Crime — 4 months ago

White Collar Crime in the United States

by Perry H.

White Collar Crime, White Collar Crime in America

America's White Collar Crime Epidemic

White-collar crime, also known as corporate crime, refers to a financially motivated, non-violent crime that is committed by government and business professionals. Within the ambit of criminology, white-collar crimes were first defined by sociologist Edwin Sutherland way back in the year 1939 as "any crime committed by a person of power, respectability and who occupies a high social status in the field of his occupation."

The name ‘White-collar’ originates from those types of individuals/people who mostly commit financial crimes/fraud, including fund managers, business managers, and executives. These individuals can be sent to prison for a small to a large period and be levied with steep fines if they are found guilty of committing white-collar crimes. The federal government also has the power to claim financial damages from large corporations and well-known banks/financial institutions that indulge in white-collar crimes on a large scale that affects the public society.

Typical white-collar crimes in the U.S. include money laundering, fraud, embezzlement, bribery, identity theft, cybercrime, Ponzi schemes, labor racketeering, insider trading, copyright infringement, and forgery.  There are specialized lawyers who deal with white-collar crimes.

White Collar Crime Background Check

Corporate White Collar Crime Examples in the United States

Corporate white-collar crimes most of the time consist of very large-scale financial frauds committed throughout the bank/financial institution. For instance, in 2014 Credit Suisse pleaded guilty to helping some U.S. citizens avoid paying their taxes by concealing their income from the IRS or the Internal Revenue Service. Eventually, the bank agreed to pay penalties amounting to a whopping $2.6 billion.

Also in the same year of 2014, the Bank of America confessed that it had sold billions of dollars in mortgage-backed securities (MBS) that were tied to properties with highly inflated values. These loans did not have any proper collateral against them and were among the various types of financial frauds that led to the infamous financial crash of 2008 that affected stock market trading all across the world. Eventually, Bank of America succumbed to paying a heavy 16.65 billion dollars in damages and of course admitted to its colossal wrongdoing.

 How does the U.S. Government Fight White Collar Crime?

Most of the U.S. states have specialized agencies that investigate purely into white-collar crimes that are limited to every single state. Also, there are several federal agencies that investigate into various financial frauds that span across multiple states. For example, in an attempt to protect its society-abiding citizens, Utah established the first and only online registry for all white-collar criminals in the nation in the year 2016. Photos of people who have been convicted for a fraud-related felony that is rated as a second-degree fraud or higher than that will appear on the registry.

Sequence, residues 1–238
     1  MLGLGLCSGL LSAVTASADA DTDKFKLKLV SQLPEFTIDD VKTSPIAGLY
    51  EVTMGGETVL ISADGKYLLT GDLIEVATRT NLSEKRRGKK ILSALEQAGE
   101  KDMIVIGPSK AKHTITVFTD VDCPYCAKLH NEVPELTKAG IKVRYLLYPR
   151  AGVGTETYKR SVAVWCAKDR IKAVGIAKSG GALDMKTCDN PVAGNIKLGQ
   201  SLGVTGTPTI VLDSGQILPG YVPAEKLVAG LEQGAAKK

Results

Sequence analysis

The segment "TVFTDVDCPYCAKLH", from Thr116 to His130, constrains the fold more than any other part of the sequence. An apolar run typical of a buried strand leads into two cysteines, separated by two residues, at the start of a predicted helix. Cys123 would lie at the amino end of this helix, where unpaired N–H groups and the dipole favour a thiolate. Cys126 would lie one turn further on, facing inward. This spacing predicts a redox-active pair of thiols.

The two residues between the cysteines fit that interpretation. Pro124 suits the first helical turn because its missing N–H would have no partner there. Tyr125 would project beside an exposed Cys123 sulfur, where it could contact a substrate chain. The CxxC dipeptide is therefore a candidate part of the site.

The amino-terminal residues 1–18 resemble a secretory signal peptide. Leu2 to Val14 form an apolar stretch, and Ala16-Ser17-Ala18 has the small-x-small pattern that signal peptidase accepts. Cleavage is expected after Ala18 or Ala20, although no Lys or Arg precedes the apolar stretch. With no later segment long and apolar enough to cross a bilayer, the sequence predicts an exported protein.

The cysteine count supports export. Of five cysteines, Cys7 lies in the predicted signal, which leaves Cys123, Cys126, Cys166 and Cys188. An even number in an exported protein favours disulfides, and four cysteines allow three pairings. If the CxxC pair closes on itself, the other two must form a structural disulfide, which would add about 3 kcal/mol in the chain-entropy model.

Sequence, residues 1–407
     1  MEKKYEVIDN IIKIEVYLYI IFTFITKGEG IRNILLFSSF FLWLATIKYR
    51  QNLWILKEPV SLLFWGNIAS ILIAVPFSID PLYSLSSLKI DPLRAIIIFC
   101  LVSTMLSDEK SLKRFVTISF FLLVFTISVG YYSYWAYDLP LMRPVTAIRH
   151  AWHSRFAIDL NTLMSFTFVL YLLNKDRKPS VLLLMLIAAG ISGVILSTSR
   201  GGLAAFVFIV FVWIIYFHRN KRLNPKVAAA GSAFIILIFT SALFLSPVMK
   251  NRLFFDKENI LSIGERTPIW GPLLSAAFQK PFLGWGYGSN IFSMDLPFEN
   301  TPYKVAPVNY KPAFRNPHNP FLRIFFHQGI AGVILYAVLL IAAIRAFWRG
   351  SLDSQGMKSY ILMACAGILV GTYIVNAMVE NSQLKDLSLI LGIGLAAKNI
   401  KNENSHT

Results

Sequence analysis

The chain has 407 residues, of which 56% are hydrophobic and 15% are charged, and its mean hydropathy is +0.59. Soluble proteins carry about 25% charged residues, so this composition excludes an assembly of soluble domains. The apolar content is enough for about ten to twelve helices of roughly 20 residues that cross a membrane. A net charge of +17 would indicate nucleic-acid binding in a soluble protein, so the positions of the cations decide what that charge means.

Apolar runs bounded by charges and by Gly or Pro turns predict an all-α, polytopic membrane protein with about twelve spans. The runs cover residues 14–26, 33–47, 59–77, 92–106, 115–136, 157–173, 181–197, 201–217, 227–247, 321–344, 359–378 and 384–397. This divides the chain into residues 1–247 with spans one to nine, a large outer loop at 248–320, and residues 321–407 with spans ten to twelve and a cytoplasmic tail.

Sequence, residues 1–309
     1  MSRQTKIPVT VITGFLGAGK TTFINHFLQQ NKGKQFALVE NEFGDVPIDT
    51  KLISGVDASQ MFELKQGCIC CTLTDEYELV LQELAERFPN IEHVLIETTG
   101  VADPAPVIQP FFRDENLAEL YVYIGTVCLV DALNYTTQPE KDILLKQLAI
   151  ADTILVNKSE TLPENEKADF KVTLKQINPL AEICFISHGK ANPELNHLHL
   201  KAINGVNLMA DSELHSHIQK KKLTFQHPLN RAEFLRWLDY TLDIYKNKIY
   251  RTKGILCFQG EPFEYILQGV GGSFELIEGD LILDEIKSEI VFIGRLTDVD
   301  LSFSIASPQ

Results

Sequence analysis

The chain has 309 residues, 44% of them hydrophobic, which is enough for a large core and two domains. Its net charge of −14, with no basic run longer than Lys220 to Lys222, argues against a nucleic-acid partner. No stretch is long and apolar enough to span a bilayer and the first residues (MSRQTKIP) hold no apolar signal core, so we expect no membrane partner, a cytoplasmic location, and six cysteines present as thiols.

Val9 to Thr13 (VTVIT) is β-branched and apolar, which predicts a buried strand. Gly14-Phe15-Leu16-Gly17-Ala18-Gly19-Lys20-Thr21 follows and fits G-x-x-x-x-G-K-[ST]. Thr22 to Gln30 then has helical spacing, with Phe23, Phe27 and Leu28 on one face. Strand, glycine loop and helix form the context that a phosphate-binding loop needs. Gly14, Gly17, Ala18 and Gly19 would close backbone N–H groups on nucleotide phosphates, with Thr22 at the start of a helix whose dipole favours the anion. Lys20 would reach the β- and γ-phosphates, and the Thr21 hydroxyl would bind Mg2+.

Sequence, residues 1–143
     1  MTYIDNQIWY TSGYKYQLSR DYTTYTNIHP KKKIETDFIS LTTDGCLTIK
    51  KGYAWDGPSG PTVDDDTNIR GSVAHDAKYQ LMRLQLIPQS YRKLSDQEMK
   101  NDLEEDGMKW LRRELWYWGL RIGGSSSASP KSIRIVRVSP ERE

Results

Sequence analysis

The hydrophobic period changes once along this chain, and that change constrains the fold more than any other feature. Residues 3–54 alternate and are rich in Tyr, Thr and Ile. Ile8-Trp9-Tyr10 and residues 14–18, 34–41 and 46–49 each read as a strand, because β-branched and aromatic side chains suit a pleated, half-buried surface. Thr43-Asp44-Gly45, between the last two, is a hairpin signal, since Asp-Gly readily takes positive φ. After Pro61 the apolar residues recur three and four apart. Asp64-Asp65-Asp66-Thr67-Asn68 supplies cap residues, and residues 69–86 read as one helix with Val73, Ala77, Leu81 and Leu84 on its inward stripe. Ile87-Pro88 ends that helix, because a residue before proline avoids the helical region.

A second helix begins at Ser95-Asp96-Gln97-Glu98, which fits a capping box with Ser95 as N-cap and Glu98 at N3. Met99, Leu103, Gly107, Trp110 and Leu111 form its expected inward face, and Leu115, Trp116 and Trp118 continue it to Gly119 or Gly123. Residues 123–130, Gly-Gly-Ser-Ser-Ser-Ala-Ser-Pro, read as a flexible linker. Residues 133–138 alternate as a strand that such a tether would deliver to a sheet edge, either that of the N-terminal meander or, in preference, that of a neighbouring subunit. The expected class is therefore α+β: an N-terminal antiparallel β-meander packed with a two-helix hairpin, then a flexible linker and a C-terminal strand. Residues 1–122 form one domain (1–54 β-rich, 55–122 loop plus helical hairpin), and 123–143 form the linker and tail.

White Collar Crime in America

An Example of a White-Collar Crime Committed by an Individual in the United States

One of the most well-known and famous white-collar crimes committed by an individual in the United States was one by a Bernard Madoff. He was convicted in 2009 for a massive financial fraud that cost investors almost 65 billion dollars. Madoff ran an elaborate Ponzi scheme, which promised unusually large returns on investments. For many years, Madoff used the money from new investors to pay the previous investors without actually investing the new funds. Finally, Madoff’s scheme fell apart when a large number of investors asked for their money back, and Madoff was of course not in a position to pay them back for obvious reasons. He was sentenced to 150 years in prison.

Punishment for White Collar Crimes in the United States

In the United States, sentences for white-collar crimes may include a combination of fines, imprisonment search, restitution, disgorgement, community service, disgorgement, probation, or other alternative punishment. The longest white-collar sentence in the United States was 969 years given to Francine Raph of Cedar Creek Insurance for racketeering, wire fraud, and money laundering in the year 2010.

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